Objective: There is consistent evidence that alcohol increases the risk of breast cancer. It has been suggested that the increased risk associated with alcohol intake may be reduced by adequate intake of folate. Since many women consume alcohol, detection of a risk-reducing mechanism would have major public health implications.
Design: We therefore evaluated the possible interaction between alcohol and folate in a paired nested case-control study among postmenopausal women.
Setting: A total of 24 697 postmenopausal women were included in the 'Diet, Cancer and Health' follow-up study between December 1993 and May 1997. The cohort was followed until December 2000. The study included 388 cases of breast cancer and 388 randomly selected controls were used to estimate the breast cancer incidence rate ratio (IRR) in conditional logistic regression analysis.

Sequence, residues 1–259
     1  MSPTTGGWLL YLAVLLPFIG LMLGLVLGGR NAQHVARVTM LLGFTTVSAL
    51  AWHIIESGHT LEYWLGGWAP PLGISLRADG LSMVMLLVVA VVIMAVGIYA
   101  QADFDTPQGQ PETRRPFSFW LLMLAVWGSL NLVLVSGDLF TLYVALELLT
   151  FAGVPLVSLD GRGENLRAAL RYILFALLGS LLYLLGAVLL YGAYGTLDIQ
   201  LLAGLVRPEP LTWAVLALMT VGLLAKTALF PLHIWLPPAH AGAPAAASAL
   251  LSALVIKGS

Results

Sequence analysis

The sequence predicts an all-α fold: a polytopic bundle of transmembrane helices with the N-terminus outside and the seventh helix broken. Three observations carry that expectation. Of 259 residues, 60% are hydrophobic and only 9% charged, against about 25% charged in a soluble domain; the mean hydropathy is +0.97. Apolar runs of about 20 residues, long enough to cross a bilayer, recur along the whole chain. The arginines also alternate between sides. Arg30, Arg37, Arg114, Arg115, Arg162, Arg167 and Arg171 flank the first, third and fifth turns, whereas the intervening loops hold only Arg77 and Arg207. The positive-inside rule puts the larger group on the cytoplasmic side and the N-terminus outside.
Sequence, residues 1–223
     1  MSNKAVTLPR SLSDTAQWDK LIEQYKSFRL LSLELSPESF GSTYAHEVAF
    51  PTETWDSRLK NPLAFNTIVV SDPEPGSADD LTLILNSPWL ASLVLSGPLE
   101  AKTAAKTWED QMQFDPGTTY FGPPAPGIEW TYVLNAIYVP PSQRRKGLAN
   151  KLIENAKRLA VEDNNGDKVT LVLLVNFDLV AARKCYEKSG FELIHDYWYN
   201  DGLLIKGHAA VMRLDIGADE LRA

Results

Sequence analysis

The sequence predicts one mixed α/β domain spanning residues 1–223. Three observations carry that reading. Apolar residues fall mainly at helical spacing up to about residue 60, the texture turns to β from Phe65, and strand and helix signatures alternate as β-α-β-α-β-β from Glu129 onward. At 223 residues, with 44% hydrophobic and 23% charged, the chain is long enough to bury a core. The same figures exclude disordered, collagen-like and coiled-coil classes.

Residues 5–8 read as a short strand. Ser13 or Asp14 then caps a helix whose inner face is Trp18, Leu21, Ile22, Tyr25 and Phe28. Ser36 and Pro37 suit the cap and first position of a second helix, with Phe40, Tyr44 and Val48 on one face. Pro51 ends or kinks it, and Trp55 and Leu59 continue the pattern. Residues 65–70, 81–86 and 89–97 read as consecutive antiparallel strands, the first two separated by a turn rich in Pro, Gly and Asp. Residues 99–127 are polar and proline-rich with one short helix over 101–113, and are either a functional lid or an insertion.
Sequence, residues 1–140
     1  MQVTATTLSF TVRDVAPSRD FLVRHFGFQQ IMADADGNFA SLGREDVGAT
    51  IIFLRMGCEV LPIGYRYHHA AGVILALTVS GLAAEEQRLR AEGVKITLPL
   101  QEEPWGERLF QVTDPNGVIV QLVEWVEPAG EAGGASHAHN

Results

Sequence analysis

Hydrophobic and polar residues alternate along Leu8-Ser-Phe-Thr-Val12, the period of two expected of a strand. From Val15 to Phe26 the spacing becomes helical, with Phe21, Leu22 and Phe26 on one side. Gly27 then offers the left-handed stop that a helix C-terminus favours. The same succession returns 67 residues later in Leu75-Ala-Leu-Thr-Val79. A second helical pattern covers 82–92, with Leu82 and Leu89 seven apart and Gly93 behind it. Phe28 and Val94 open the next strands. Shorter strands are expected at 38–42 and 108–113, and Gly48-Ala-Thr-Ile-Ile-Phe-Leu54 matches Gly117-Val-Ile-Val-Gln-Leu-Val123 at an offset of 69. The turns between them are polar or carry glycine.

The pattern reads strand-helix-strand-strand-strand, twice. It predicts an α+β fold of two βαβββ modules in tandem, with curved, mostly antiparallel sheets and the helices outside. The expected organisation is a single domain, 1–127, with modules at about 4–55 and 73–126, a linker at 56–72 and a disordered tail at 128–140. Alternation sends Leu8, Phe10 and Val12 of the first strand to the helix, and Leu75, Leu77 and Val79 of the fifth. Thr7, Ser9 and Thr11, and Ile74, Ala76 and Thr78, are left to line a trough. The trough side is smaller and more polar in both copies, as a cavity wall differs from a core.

Results: A previously established association between alcohol intake and risk of breast cancer was present mainly among women with low folate intake. An IRR of 1.19 (95% CI: 0.99-1.42) per 10 g average daily alcohol intake was found for women with a daily folate intake below 300 mug, while among women with a folate intake higher than 350 mug, we could not show an association between the alcohol intake and the breast cancer incidence rate (e.g. folate intake >400 mug; IRR of 1.01 (95% CI: 0.85-1.20)).
Conclusion: The findings support the evidence that adequate folate intake may attenuate the risk of breast cancer associated with high alcohol intake.
Sponsorship: The Danish Cancer Society.